Swampland Flowers

An ancient worthy said, “If you can recognize the inherent nature while going along with the flow, there is neither joy nor sorrow.”

Ta Hui was born in 1088 during the Chinese Sung dynasty. At that time, Ch’an Buddhism was flourishing and its impact was felt at every level of society. Even at an early age, Ta Hui exhibited the signs of a remarkable being. At the age of sixteen, he left home; a year later, he became a monk.

With great sincerity, Ta Hui traveled throughout the land, following the traditional practices of Ch’an, and visiting various teachers and monasteries. He was eventually instructed by the great Ch’an master, Chan T’ang, who recognized Ta Hui’s light and depth. As he was dying, the Master told Ta Hui to go and find Yuan Wu (whose recorded teachings form the Blue Cliff Records).

Yuan Wu was a strict master and tested his students often. Ta Hui gave himself nine summers as a hermit to reach complete understanding. Yuan Wu once quoted a saying of Master Yun Men: “East Mountain walks in water.” Ta Hui replied forty-nine times, but each time Yuan Wu didn’t approve of the answer and again quoted Yun Men: “I am not this way. If someone asks, ‘What is the place where all the Buddha’s appear?’ I just say to them, ‘From the South comes a fragrant wind, producing a slight chill in the recesses of the palace.'” At that moment, a dawning of realization broke through and Ta Hui believed he became enlightened.

However, Yuan Wu was still not satisfied with his student, and said: “It wasn’t easy for you to get to this stage—too bad that having died, you are unable to come back to life. Without a doubt, words and phrases are a great disease, but haven’t you heard the saying “Hanging from a cliff, let go.”

And agree to accept the experience
After annihilation, come back to life—
I couldn’t deceive you.

You must be aware that this truth exists.” Ta Hui replied, “Just based on today’s attainment, I’m already joyous and lively; I can’t understand anymore.” Yet the firm taskmaster Yuan Wu wanted to push Ta Hui over the edge, so whenever he entered the room he would say, “Having words or wordlessness, both are clinging vines on the tree.” And as soon as Ta Hui began opening his mouth to reply he would immediately say, “Wrong, that’s not it!” Finally, Ta Hui said, “This truth is like a dog looking at a pan of hot oil, wanting to taste it but unable to, wanting to give it up but unable to.” Yuan Wu said, “You’ve described it very well-this is the unbreakable trap, the thicket of thorns.”

One day Ta Hui said, “I heard that when you were at Wu Tsu’s, you asked about this saying. I wonder what Wu Tsu said.” Yuan Wu laughed, but did not answer. Ta Hui said, “At that time, you must have asked in front of the assembly. What’s stopping you from saying it now?” Yuan Wu said, “I asked the meaning of ‘Having words or wordlessness, both are like clinging vines on the tree.’ Wu Tsu said, ‘Describe it and it can’t be described completely, depict it and it can’t be depicted accurately.’ I also asked, ‘How is it when the tree falls and the vines wither?’ Wu Tsu said, ‘It comes along with it.'” At these words, Ta Hui was released, saying “I understand.”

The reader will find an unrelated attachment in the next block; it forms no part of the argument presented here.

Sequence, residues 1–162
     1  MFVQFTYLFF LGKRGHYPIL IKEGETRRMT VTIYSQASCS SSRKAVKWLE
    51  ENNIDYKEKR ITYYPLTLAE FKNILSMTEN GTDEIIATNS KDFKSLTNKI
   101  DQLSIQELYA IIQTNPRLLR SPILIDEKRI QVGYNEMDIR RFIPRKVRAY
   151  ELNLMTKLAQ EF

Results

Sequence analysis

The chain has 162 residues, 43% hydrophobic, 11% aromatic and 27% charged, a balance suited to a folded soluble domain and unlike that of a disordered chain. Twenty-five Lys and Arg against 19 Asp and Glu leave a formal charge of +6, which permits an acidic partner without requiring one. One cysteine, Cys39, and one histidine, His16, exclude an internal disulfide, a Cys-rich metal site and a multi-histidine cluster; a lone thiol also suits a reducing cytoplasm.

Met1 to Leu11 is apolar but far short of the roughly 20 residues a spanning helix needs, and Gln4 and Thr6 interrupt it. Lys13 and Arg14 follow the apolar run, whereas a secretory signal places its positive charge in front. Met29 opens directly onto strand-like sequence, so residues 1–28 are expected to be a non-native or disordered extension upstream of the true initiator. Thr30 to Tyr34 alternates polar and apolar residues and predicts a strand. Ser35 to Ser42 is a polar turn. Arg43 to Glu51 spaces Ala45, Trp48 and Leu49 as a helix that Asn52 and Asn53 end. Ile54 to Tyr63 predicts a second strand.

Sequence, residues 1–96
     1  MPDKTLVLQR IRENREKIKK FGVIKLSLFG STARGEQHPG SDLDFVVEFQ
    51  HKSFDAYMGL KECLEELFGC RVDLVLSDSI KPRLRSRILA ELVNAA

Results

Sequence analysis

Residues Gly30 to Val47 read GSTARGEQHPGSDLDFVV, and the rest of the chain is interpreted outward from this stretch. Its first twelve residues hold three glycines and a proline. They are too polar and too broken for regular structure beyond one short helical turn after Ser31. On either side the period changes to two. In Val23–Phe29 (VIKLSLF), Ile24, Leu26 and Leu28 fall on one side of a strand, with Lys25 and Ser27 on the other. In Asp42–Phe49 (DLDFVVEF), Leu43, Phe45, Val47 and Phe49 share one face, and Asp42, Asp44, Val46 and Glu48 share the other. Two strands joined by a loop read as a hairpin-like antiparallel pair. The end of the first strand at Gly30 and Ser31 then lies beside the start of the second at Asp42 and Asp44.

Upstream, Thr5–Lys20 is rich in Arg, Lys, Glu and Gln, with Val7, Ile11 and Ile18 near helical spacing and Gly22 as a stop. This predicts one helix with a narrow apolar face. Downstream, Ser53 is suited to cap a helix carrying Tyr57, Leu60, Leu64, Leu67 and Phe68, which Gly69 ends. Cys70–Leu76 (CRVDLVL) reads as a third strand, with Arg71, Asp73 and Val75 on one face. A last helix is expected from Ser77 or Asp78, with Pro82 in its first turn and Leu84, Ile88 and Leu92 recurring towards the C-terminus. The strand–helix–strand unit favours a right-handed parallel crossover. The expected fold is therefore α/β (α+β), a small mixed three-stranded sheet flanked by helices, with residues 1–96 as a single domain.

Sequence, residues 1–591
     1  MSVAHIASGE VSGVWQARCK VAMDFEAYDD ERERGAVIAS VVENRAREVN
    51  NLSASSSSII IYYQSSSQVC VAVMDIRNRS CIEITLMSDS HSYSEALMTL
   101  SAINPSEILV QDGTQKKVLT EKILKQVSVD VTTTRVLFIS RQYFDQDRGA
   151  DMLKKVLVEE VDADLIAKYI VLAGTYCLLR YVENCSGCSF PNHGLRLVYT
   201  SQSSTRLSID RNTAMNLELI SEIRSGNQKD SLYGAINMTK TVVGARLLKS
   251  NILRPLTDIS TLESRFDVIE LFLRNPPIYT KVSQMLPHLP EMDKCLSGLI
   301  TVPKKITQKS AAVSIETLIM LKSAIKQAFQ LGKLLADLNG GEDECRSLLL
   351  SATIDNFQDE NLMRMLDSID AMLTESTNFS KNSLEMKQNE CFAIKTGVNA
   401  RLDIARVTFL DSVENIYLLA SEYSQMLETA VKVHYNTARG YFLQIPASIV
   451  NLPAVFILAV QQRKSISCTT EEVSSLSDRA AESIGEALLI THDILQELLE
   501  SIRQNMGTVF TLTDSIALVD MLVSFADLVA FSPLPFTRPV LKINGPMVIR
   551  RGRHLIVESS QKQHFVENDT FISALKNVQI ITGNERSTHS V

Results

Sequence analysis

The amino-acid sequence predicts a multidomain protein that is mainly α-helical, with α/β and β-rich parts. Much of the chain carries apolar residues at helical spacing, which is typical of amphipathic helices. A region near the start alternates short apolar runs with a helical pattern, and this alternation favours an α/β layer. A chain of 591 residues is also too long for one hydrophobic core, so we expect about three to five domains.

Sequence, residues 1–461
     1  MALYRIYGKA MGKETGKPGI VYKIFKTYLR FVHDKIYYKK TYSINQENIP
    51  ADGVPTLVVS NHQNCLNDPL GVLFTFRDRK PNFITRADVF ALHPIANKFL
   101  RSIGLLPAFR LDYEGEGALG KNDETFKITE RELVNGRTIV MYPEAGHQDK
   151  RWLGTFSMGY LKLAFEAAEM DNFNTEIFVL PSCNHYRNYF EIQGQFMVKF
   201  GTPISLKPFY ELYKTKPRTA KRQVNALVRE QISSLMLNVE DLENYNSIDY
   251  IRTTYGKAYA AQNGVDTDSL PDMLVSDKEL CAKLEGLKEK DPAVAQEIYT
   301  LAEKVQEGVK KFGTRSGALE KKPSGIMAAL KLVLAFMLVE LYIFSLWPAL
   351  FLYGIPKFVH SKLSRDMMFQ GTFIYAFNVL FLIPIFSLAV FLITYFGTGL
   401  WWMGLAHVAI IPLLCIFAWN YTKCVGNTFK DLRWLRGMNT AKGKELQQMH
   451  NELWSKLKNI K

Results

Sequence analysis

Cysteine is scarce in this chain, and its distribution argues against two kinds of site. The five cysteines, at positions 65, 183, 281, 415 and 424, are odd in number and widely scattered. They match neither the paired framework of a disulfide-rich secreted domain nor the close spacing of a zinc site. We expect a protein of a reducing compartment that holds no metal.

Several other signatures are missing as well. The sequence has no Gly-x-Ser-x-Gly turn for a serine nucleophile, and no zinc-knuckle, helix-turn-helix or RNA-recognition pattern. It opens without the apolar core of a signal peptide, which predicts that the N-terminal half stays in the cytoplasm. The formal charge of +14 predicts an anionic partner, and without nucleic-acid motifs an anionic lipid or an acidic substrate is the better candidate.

After his penetration, Ta Hui was accepted as heir to the Lin Chin School. He eventually became a revered teacher with thousands of students of his own. In 1163, Ta Hui told the monks, nuns and laypeople that flocked to him, “Tomorrow I’m going.” Towards the next dawn, after writing his last words and letters, his attendant asked the Master for a verse. Ta Hui said, “Without a verse, I couldn’t die.” He then took up the brush and wrote:

Birth is thus
Death is thus
Verse or no verse
What’s the fuss.

He let go of the brush and passed on. The writings in Swampland Flowers are records of his teachings kept by his disciples.

To Hung P-ch’ong
An ancient worthy had a saying: “To look for the ox, one must seek out its tracks. To study the Path, seek out Mindlessness. Where the tracks are, so must the ox be.” The path of Mindlessness is easy to seek out. So-called “Mindlessness” is not being inert and unknow­ing like earth, wood, tile, or stone; it means that the mind is settled and imperturbable when in contact with situations and meeting circumstances; that it does not cling to anything, but is clear in all places, without hindrance or obstruction; without being stained, yet without dwelling in the stainlessness; viewing body and mind like dreams or illusions, yet without remain­ing in the perspective of dreams’ and illusions’ empty nothingness. Only when one arrives at a realm like this can it be called true Mindlessness. No, it’s not lip­—service mindlessness: if you haven’t attained true Mindlessness and just go by the verbal kind, how is this different from the perverted Ch’an of “silent illumination”? “Just get to the root; don’t worry about the branches.” Emptying this mind is the root. Once you get the root, the fundamental, then all kinds of lan­guage and knowledge and all your daily activities as you respond to people and adapt to circumstances, through so many upsets and downfalls, whether joyous or angry, good or bad, favorable or adverse—these are all trivial matters, the branches. If you can be spontaneously aware and knowing as you are going along with circumstances, then there is neither lack nor excess.

From Swampland Flowers: Letters and Lectures of Zen Master Ta Hui. Copyright Christopher Cleary, editor, 1997. Grove Press (An Evergreen Book). Currently out of print.

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